Loss aversion at the aggregate level across countries and its relation to economic fundamentals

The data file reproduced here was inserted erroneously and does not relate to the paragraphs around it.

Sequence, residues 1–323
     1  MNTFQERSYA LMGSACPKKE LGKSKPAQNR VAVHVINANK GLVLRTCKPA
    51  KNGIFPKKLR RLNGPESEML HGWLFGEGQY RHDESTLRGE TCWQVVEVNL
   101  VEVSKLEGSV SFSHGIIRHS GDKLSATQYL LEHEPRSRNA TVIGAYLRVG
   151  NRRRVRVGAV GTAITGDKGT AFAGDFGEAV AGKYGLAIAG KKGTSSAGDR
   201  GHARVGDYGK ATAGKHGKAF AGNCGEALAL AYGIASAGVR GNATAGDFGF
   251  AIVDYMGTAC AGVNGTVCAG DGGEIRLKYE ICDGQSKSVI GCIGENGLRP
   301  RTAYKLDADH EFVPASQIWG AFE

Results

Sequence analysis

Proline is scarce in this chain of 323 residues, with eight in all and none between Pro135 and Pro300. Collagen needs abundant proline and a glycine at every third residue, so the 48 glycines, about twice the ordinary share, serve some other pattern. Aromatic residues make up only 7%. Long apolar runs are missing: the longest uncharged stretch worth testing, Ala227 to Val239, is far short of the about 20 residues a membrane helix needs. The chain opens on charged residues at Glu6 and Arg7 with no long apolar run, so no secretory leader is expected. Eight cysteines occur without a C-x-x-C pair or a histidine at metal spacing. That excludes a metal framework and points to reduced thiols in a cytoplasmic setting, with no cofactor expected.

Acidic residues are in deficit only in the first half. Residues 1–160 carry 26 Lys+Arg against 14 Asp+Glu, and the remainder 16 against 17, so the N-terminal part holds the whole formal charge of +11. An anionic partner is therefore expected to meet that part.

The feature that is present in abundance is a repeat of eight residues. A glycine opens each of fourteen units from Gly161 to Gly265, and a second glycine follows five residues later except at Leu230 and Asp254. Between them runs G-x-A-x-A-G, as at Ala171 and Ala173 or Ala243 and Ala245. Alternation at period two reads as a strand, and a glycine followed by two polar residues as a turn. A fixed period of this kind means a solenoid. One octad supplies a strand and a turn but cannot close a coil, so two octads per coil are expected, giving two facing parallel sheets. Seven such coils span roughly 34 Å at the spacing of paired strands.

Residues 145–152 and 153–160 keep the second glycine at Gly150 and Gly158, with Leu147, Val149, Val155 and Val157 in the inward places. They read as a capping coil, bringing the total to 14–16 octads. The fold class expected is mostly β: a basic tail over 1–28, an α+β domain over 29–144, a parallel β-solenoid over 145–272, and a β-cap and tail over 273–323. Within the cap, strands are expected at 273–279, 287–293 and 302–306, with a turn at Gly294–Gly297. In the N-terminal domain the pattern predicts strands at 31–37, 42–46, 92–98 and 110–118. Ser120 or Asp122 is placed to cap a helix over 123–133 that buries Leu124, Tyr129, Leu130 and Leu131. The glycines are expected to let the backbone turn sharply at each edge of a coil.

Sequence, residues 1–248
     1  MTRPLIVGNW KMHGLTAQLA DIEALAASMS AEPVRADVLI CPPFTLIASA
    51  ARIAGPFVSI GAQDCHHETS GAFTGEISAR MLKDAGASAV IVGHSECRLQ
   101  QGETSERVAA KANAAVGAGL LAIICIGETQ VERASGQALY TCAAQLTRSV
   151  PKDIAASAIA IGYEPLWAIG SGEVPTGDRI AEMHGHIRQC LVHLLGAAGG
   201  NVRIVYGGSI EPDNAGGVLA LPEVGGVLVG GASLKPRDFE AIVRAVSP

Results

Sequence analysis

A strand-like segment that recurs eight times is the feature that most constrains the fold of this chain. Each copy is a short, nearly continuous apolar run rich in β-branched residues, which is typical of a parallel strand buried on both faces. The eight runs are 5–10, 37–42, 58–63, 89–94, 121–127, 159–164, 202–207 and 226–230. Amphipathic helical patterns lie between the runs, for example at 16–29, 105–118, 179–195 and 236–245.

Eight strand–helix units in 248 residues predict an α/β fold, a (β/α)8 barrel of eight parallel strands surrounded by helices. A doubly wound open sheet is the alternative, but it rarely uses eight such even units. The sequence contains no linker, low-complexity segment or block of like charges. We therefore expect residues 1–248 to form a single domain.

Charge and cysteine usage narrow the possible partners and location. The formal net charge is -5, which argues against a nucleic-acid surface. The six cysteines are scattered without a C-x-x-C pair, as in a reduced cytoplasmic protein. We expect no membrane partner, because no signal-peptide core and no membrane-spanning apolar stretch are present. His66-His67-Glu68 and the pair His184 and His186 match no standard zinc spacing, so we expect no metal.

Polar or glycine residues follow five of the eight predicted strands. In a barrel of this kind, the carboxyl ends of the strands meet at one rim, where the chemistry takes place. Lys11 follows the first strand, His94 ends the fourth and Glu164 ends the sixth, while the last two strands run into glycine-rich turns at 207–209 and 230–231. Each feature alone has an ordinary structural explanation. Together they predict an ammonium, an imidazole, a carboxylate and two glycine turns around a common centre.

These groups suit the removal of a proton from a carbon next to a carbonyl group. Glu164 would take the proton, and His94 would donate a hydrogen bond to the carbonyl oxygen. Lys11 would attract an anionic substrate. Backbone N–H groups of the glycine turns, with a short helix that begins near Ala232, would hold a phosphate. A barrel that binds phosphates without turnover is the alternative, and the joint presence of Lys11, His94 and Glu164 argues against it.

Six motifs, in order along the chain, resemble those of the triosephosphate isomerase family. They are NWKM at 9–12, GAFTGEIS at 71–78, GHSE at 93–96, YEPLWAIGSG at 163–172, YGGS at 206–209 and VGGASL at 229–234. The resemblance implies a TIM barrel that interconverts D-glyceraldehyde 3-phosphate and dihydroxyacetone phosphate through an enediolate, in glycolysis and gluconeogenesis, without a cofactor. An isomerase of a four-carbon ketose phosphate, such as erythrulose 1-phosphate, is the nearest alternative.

Preferences are important when thinking about macroeconomic problems and questions. Differences in preferences might, for example, explain cross-country variations in economic fundamentals. In recent years, differences in preferences across countries and cultures have been studied more frequently, usually concentrating on micro evidence. However, it is an open question as to how differences in average preferences affect the aggregate economy. Coming from a macroeconomic perspective, we test whether preferences stated in Kahneman and Tversky’s prospect theory, namely, reference point dependence and loss aversion, prevail on the aggregate and whether the average degree of loss aversion differs across countries. We find evidence of loss aversion for a broad set of OECD countries, while the average loss aversion clearly differs across these countries. We find little evidence that these differences could be linked to micro evidence. Furthermore, we analyse whether the different degrees of loss aversion correlate with economic fundamentals such as the level of GDP and consumption per capita. We find that indeed loss aversion is negatively correlated with GDP and consumption per capita and positively correlated with consumption smoothing.